Mount Vesuvius erupted in AD 79, and buried the cities of Pompeii, Opelontis and Stabia under ash and rock shards, and the city of Herculaneum under mud flux.
Mount Vesuvius, on the western coast of Italy, is the only active volcano on the European continent and is believed to be one of the most dangerous in the world.
Every resident died instantly when a town in southern Italy was hit by a lava temperature rise of 500 degrees Celsius.
Pyroclastic flows are a dense collection of hot gases and volcanic material that flow down the side of an erupting volcano at high speed.
It is more dangerous than lava because it travels faster, at speeds of around 450 mph (700 km / h), and at temperatures up to 1,000 ° C.
An administrator and poet named Pliny the Younger watched the disaster unfold from a distance.
Letters have been found describing what he saw in the sixteenth century.
His writings indicate that the volcanic eruption was unaware of the inhabitants of Pompeii.
Mount Vesuvius erupted in AD 79, and buried the cities of Pompeii, Opelontis and Stabia under ash and rock shards, and the city of Herculaneum under mudflow
He said that a column of smoke “like a pine canopy” rose from the volcano and made the surrounding cities black as night.
People ran for their lives with torches and screaming, and some cried as the rain fell and pumice for several hours.
While the eruption lasted for about 24 hours, the first lava waves began in the middle of the night, causing the volcano’s column to collapse.
A torrent of hot ash, rocks and toxic gases surged onto the side of the volcano at 124 miles per hour (199 km / h), burying victims and the remains of everyday life.
Hundreds of refugees who took shelter in the vaulted corridors of the seashore in Herculaneum were killed, clutching their jewelry and money.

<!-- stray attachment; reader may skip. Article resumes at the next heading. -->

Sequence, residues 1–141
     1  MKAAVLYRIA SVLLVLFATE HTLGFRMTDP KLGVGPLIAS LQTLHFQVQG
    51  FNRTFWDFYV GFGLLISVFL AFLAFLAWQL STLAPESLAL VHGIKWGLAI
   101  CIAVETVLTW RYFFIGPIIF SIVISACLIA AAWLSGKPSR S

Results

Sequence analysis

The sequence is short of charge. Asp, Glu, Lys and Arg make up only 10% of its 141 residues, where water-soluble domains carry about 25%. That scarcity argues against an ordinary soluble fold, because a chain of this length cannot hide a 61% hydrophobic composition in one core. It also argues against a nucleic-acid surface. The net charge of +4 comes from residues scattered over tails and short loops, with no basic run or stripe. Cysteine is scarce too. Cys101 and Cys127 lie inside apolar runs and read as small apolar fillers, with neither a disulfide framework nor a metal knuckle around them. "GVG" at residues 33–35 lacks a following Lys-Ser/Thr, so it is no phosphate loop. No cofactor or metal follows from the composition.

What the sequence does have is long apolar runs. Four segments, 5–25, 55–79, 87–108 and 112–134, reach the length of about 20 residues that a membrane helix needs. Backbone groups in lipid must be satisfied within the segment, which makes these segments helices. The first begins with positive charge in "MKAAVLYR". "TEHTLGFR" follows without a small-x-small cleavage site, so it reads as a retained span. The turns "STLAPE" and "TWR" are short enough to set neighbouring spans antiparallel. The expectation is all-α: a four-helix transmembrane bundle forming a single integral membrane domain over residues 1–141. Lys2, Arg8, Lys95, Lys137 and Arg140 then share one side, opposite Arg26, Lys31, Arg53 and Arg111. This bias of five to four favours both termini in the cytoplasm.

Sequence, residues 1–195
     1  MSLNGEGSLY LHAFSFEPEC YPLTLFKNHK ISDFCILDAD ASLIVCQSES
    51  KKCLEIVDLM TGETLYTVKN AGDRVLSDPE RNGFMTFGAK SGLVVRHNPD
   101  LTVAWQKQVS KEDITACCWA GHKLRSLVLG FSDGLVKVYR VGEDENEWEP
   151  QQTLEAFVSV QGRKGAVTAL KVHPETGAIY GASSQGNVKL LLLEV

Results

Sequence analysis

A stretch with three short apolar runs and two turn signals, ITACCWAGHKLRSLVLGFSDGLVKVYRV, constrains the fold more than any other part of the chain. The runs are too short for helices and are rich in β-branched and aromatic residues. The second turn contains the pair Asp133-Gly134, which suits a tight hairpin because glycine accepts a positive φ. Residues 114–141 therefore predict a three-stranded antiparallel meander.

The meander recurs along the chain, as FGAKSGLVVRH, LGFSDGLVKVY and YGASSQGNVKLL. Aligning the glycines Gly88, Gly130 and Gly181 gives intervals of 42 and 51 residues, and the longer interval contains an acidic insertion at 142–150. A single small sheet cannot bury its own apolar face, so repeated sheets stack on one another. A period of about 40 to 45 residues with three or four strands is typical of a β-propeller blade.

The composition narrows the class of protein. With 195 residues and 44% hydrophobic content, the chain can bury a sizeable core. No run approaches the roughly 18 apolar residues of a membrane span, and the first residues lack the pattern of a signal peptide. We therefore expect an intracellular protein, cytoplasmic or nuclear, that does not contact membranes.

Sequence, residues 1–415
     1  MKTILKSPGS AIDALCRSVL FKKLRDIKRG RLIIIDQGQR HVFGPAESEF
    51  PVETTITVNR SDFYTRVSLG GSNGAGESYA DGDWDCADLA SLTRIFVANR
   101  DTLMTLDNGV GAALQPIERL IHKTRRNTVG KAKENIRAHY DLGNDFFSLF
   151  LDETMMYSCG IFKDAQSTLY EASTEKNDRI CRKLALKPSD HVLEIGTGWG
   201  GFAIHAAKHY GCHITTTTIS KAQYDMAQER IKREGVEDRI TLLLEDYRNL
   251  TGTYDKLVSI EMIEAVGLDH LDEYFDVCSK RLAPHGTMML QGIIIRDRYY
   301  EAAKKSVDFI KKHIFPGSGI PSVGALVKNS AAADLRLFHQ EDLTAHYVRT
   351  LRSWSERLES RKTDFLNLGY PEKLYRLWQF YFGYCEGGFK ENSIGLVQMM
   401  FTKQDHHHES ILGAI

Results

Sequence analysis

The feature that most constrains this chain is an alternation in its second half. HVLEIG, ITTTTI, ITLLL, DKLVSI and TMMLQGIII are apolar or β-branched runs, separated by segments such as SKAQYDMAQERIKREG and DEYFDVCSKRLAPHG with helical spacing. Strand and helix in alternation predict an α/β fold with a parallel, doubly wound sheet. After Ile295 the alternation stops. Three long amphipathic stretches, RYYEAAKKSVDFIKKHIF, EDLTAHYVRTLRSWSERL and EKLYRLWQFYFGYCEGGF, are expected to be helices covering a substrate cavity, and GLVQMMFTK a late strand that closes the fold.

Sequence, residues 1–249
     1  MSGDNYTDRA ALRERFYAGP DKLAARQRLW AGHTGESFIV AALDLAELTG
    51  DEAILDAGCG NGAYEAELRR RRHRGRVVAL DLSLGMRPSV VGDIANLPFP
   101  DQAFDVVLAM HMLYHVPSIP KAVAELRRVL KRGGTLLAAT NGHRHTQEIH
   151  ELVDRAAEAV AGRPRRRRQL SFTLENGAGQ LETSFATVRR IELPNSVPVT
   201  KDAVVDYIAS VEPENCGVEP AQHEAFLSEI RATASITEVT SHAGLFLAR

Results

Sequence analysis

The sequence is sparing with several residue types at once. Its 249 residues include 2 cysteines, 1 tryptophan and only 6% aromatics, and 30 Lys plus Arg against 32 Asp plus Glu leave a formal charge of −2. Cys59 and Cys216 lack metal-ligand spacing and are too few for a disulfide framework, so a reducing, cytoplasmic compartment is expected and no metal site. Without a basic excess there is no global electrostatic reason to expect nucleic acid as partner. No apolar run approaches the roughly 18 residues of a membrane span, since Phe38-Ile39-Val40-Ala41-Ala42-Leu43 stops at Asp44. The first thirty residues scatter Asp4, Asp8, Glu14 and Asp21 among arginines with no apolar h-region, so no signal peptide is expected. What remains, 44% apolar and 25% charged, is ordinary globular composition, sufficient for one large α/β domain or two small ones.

Orto dei fuggiaschi (Garden of the Fugitives) shows the bodies of 13 victims buried by ashes trying to flee Pompeii during the eruption of Vesuvius in AD 79
When people fled Pompeii or hid indoors, their bodies were covered with extra blankets.
While Pliny did not estimate how many people died, the event was said to be “exceptional” and he believed the number of deaths to exceed 10,000.
What did they find?
This event ended the life of cities but at the same time preserved them until archaeologists rediscovered them roughly 1,700 years later.
Excavations have given Pompeii, the industrial center of the region and Herculaneum, a small beach resort, an unparalleled insight into Roman life.
Archaeologists are constantly discovering more and more of the city covered in ashes.
In May, archaeologists discovered an alley of large houses, with balconies mostly intact and still in their original colors.
A plaster cast of a dog, from the house of Orpheus, Pompeii, 79 AD. Around 30,000 people are thought to have died in the chaos, and the bodies are still being discovered to this day
Some porches even had amphora – conical terra cotta vases were used to preserve wine and oil in ancient Roman times.
The discovery has been hailed as a “complete modernity” – the Italian Ministry of Culture hopes it can be restored and opened to the public.
Rarely found upper storerooms among the ancient city ruins, which were destroyed by the eruption of Vesuvius and buried under up to six meters of ash and volcanic rubble.
Around 30,000 people are thought to have died in the chaos, and the bodies are still being discovered to this day.
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